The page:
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Pensions, insurers brace for pain as interest rates set to stay low

The office of the Ontario Teachers' Pension Plan.

MATTHEW SHERWOOD/The Globe and Mail

The Bank of Canada's decision to put interest rate hikes on the back burner has undercut prospects for pension funds, insurers and banks, who had been hoping for higher rates to boost their returns.

"For anybody who is in the business of saving money, this is not good news," Ontario Teachers' Pension Plan chief executive officer Jim Leech said. "It will be tougher and tougher for people to save money to meet their retirement needs. And it doesn't matter if you're in a defined benefit [pension plan] or defined contribution pension plan or your own RRSP, your savings rates are going to be low."

Canadian pension funds, which have spent much of the past decade struggling with large shortfalls caused by historically low interest rates, benefited from a rally this year as long-term rates began ticking up. That helped them to begin erasing some of their funding shortfalls. Data published last month by Aon Hewitt showed an average pension plan in Canada was 88 per cent funded as of Sept. 30, a huge increase from just 69 per cent at the beginning of the year.

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However, the recent improvement for pension funds might be temporary amid efforts by central banks to spur growth.

The prospect of lower interest rates could halt the improvements, warns Paul Forestell, a senior partner at pension consulting firm Mercer. "The single biggest risk the Canadian plans have right now is interest rates, and it's been that way for years," Mr. Forestell said.

The same is true for life insurers, who have suffered in part because accounting rules call for the companies to set aside more capital to protect against the possible continuation of the low-rate environment. But analyst Rob Sedran at CIBC World Markets stressed that much of impact has already been felt.

"We're not talking about rates going to new lows, we're talking about rates not going as high as perhaps they might have been hoped for, say, six months ago," he said. "Life insurance companies have taken a fair bit of the pain of the low rate environment already through their numbers."

The insurers themselves expressed relative confidence. "We're not overly surprised by the Bank's statement," said Doug Gardiner, senior managing director of Canadian public fixed income at Sun Life. "But it's worth noting that even with the slight drop in interest rates following today's announcement, rates are higher overall during the last few months, which is positive for insurers."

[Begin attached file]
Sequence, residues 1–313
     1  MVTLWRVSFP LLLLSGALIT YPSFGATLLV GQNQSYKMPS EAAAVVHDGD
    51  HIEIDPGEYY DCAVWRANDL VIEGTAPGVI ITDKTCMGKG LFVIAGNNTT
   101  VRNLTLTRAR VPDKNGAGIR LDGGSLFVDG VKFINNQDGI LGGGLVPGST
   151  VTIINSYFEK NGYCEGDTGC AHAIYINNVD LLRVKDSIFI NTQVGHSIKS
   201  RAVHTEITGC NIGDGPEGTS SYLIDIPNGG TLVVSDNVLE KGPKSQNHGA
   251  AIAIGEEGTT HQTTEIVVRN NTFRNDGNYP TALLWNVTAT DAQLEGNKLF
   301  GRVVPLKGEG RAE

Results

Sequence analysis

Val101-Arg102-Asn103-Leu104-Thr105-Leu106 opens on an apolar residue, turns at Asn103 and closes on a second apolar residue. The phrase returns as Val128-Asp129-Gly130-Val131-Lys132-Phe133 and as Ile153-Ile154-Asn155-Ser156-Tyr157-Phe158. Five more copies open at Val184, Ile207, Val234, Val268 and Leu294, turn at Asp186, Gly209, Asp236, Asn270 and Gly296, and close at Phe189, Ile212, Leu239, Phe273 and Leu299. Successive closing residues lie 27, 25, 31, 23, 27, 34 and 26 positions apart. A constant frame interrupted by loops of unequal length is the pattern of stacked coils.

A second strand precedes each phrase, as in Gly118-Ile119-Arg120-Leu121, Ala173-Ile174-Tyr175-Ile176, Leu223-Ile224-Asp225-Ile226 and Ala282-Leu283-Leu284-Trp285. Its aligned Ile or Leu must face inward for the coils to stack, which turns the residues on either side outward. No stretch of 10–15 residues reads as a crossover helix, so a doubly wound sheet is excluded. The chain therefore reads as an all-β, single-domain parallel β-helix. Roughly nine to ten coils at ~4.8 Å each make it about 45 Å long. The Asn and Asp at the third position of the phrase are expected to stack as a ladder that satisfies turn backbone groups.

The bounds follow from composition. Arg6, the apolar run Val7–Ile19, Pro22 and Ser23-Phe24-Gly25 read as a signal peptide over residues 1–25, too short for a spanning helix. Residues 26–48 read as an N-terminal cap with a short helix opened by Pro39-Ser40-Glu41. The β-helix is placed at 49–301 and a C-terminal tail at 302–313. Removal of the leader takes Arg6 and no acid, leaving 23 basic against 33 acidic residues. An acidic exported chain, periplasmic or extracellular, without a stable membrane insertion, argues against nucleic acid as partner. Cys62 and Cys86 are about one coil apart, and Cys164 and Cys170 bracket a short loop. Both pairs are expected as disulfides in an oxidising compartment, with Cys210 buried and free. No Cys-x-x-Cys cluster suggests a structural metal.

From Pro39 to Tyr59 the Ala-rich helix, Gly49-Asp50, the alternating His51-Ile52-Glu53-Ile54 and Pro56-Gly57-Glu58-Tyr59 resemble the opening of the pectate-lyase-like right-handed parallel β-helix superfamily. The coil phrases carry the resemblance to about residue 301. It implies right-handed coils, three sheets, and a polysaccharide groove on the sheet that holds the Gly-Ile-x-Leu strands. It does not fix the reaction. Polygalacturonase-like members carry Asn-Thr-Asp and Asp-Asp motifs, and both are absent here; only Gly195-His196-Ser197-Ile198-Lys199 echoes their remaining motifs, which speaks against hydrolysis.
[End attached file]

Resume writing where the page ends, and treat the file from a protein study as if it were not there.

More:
Although the Bank of Canada no longer has a "bias" toward higher interest rates, it did not dramatically cut rates – a move that would have shocked the market. The new language was viewed as a realistic, albeit negative, adjustment given slower U.S. economic growth and falling demand for Canadian commodities. But the expectation is that rates will eventually rise – only at a later date.

"The eventual relief that the banks are going to enjoy is going to be further down the road," said Barclays Capital analyst John Aiken.

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And banks can also find more of a silver lining. Prolonged low rates should make mortgages more affordable, giving the banks' lending arms some juice. However, there is no denying that their hopes of bigger lending profits – from mortgages to personal lines of credit to commercial loans – are kicked down the road.

Banks make money by borrowing short-term, at lower rates, and then lending money out for longer time periods, at higher rates. After long-term bond yields started to rise this spring there was hope that the banks had seen the bottom, but in the past month those yields have started to reverse course.

To adjust for the new reality, Ian Struthers, head of the investment consulting practice at pension firm Aon Hewitt Canada, said some pension plans have already been locking in by buying more bonds this year, which will help insulate them if interest rates fall going forward. "I think one of the things pension plans have done is take a more disciplined approach to derisking," he said.

But Mr. Leech from Teachers' says that if the outlook deteriorates any further, there are few strategies he can adopt to cope with a further possible drop in rates, including locking in now with bond purchases.

"There's very little to do because rates are already very low. There's not a lot of room left on the downside," Mr. Leech said. "I think everybody was hoping there would be room on the upside as interest rates went up."

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Reporter and Streetwise columnist

Tim Kiladze is a business reporter with The Globe and Mail. Before crossing over to journalism, he worked in equity capital markets at National Bank Financial and in fixed-income sales and trading at RBC Dominion Securities. Tim graduated from Columbia University's Graduate School of Journalism and also earned a Bachelor in Commerce in finance from McGill University. More

Real Estate Reporter

Janet McFarland is the real estate reporter for The Globe and Mail’s Report on Business, with a focus on residential real estate trends. She joined Report on Business in 1995, and has specialized in reporting on corporate governance, executive compensation, pension policy, business law, securities regulation and enforcement of white-collar crime. More

Financial Services Reporter

Jacqueline Nelson is a financial services reporter at the Report on Business. Prior to that she was a staff writer at Canadian Business magazine, covering news and writing features on a wide variety of subjects. More

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